If you're familiar with the process of writing at all, you know that the final product that gets published is, uh... not even a little bit anything like the original version. Or the version after that. Or after that. There are so, so many drafts, you guys. So many rewrites. So many cuts. Sometimes your original draft is so bad that when you go back to peek at it months or years later, it's like looking in a terrifying fun house mirror of your finished book. "Is THAT what it looked like? Dear god, who let me write this? BURN IT WITH FIRE"
I guess showing you a scene from a draft that was overall rather burn-it-with-fire-y isn't the BEST promotional strategy, but here we are. Actually, the bit I'm about to share is a short conversation between my two favorite characters that got cut not because it physically injured me to read (What am I talking about? All of my own writing physically injures me to read), but because it just wasn't needed for the story. It slowed down the pacing, didn't add anything substantial, and honestly skewed Meg's personality as a little too pessimistic and grumbly, when she's actually the sort of person who's so used to chaos that rolling with the punches and moving on (with the help of some gallows humor) is her go-to coping mechanism.
So here it is--a decapitated scene from an early draft of Collateral Damage. If you've read my first chapter (and if you haven't, you can here), you know that the book opens with Meg, a sarcastic girl with no powers, nearly getting killed when her car is destroyed during a superhero vs supervillain battle. In this scene, Meg snags a ride home with her pizza delivery boy-next-door/best friend, Oliver, detouring to check on said car.
The whipping-around-corners thing continues until we reach the street where I abandoned Arnold this morning. I was hoping maybe the ash and smoke and general panic of earlier today might have made Arnold’s condition worse in my memory than it actually was, but the hope vanishes as we screech to a stop. Wow. Yeah, a nice trip through the gas station car wash isn’t going to fix that. He’s nothing but a blackened frame, with the glass shattered out, doors in shambles, and an even coating of ash punctuated only by a sliver of neon green on the windshield.
“Are you kidding me?” I jump out of Oliver’s car and sprint to my own, snatching the parking ticket and waving it over my head back at him. “Look at this. Look at this. Property of the city destroys my car and somehow now I owe them…” I rip open the envelope, peer inside, and let out a yelp of hysterical laughter. “…one hundred and sixty-five dollars. That’s great. That’s just so great.”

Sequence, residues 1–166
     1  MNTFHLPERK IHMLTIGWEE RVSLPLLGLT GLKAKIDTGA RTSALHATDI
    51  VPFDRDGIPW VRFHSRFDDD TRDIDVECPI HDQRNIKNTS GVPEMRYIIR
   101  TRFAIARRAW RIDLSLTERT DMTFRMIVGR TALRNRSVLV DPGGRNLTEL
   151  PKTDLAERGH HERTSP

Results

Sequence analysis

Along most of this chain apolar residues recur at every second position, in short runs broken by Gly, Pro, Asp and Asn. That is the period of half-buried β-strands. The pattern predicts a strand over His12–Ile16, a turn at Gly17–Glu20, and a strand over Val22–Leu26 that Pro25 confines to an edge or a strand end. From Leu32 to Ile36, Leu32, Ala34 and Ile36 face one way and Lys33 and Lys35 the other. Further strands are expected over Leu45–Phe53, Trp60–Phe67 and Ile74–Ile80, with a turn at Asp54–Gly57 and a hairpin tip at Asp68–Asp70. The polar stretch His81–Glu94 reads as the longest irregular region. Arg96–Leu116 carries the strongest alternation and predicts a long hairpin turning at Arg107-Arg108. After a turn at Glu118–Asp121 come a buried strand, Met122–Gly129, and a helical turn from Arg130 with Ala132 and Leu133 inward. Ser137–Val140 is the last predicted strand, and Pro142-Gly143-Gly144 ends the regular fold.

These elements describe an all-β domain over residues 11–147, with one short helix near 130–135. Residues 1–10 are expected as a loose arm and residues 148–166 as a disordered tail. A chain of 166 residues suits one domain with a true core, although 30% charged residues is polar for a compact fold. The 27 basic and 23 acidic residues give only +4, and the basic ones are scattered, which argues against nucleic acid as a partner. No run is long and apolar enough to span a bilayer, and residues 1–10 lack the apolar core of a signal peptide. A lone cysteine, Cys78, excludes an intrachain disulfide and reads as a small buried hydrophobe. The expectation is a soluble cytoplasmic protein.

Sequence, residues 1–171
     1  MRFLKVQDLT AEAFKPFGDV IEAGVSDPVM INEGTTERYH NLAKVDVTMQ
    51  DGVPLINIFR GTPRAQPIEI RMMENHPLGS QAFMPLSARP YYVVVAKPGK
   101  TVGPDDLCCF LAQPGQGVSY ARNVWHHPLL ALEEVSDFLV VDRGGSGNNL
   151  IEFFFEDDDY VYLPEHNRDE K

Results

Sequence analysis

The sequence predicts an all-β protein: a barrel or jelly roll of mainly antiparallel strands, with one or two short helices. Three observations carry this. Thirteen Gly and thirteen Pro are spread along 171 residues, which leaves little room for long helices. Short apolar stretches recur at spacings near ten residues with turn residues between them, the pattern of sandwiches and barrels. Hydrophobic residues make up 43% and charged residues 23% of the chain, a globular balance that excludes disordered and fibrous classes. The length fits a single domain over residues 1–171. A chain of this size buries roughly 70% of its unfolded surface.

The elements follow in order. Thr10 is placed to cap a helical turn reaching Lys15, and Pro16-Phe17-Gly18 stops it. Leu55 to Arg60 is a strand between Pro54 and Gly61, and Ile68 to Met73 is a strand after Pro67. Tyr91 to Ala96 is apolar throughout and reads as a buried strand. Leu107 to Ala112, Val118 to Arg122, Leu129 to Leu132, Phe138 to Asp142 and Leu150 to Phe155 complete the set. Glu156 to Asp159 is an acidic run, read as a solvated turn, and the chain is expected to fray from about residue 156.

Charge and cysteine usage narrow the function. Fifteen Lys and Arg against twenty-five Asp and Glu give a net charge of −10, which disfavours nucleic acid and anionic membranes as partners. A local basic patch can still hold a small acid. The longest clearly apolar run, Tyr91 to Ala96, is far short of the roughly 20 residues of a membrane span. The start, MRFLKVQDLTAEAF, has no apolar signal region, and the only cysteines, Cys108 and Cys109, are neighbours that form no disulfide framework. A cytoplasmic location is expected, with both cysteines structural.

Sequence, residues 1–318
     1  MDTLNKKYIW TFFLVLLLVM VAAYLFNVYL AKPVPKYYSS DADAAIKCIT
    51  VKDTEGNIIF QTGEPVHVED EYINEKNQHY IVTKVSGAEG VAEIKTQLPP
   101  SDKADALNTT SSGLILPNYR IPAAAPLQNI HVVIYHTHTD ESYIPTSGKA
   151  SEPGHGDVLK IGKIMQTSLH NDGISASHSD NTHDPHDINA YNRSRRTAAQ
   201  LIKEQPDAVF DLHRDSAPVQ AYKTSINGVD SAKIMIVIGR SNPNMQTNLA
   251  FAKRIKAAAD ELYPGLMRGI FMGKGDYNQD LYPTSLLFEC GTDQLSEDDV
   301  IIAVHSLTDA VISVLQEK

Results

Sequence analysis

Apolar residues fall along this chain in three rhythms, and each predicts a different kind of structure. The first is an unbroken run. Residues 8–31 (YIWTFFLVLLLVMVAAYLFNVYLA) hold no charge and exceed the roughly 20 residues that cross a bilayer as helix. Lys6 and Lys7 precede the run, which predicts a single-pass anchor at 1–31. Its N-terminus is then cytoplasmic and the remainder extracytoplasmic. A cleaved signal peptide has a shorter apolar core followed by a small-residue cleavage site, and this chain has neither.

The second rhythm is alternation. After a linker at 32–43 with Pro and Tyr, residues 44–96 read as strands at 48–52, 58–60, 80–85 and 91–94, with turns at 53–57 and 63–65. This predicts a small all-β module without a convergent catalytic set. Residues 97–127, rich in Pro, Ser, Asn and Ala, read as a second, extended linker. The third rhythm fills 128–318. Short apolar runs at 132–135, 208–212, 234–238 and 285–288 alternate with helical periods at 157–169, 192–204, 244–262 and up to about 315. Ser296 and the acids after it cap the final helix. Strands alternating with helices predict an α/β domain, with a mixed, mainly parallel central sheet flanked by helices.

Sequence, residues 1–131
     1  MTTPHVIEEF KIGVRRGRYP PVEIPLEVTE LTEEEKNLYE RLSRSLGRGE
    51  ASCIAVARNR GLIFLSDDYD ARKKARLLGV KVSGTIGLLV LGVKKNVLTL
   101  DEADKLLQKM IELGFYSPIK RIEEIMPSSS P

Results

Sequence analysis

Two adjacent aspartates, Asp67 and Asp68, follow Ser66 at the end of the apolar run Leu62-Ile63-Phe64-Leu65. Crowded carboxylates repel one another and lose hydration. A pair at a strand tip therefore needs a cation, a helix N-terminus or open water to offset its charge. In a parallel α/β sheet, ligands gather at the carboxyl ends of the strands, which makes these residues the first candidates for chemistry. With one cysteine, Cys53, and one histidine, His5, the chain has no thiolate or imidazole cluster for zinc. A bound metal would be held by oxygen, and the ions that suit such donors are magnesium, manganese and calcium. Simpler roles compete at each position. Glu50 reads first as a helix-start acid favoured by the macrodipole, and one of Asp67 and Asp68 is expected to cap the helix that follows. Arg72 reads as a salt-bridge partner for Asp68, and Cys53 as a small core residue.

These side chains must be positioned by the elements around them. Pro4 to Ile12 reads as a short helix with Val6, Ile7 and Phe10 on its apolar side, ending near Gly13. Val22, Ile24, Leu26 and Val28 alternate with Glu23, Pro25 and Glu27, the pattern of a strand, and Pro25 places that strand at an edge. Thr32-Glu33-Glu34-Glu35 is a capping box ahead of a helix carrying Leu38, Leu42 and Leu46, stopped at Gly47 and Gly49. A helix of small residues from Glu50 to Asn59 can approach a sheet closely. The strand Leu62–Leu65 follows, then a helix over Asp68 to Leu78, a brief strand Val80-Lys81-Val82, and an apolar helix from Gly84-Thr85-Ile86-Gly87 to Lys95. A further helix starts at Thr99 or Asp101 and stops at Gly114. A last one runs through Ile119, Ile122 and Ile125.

“The words you are saying are incongruous with the laughter with which you are saying them,” Oliver calls through the open window.
“I’m laughing because my life is so hilarious. Isn’t it? Isn’t this hilarious?”
He hops down from the driver's seat. “Is it happening? Have you finally cracked? I always promised I would record this moment, hold on.”
“My car! My paycheck! ” I shout, and then, sinking to my knees, lie face-first on the concrete. I immediately regret it. The ashy, debris-riddled ground is the antithesis of comfort.
“Oh, come on.” I feel Oliver reach down and pat me on the head. “It’s okay. It’ll be okay. There, there.“
I grunt sullenly into the pavement.
“Sorry, I didn’t catch that.”
I turn my face sideways. “I said, AUUUUUGH.”
“How eloquent of you. Hey.” He nudges me again. “You’re gonna get run over.”
“Maybe if I get run over my life insurance will pay all my bills.”
Oliver snorts. “I don’t think you’re old or successful enough to have life insurance. Come on, get up. I have total faith in your ability to talk your way out of a ticket. I mean, you talked your way out of being held hostage at that gala last month, remember? How much harder can this be?”
“True,” I grumble. Oh, man. This city really ought to stop letting rich people have gatherings. You’d think they would have learned after the first dozen attempted robberies, hostage situations, bombings, and city-takeover threats. “No more sneaking into gala events, even for the free fancy appetizers. Never again. They never end well.”
“That’s the spirit. Besides, you can always ride Arnold Jr. until Arnold gets resurrected.”
“Oh, good,” I groan, rolling over and sluggishly standing back up. The ground is getting hot. “I love biking twenty blocks to work every morning. Exercise is my favorite.”
Yeah! See--it's okay, and I love me some good Oliver/Meg banter, but it was ultimately sacrificed to the COLLATERAL DAMAGE DUMPING GROUNDS doc on my computer, which is a dark, shadowy place that I try not to look at but was forced to in order to find the least embarrassing possible scene for this post.
The rest of the book comes out in two weeks!! THAT'S something worth panicking about.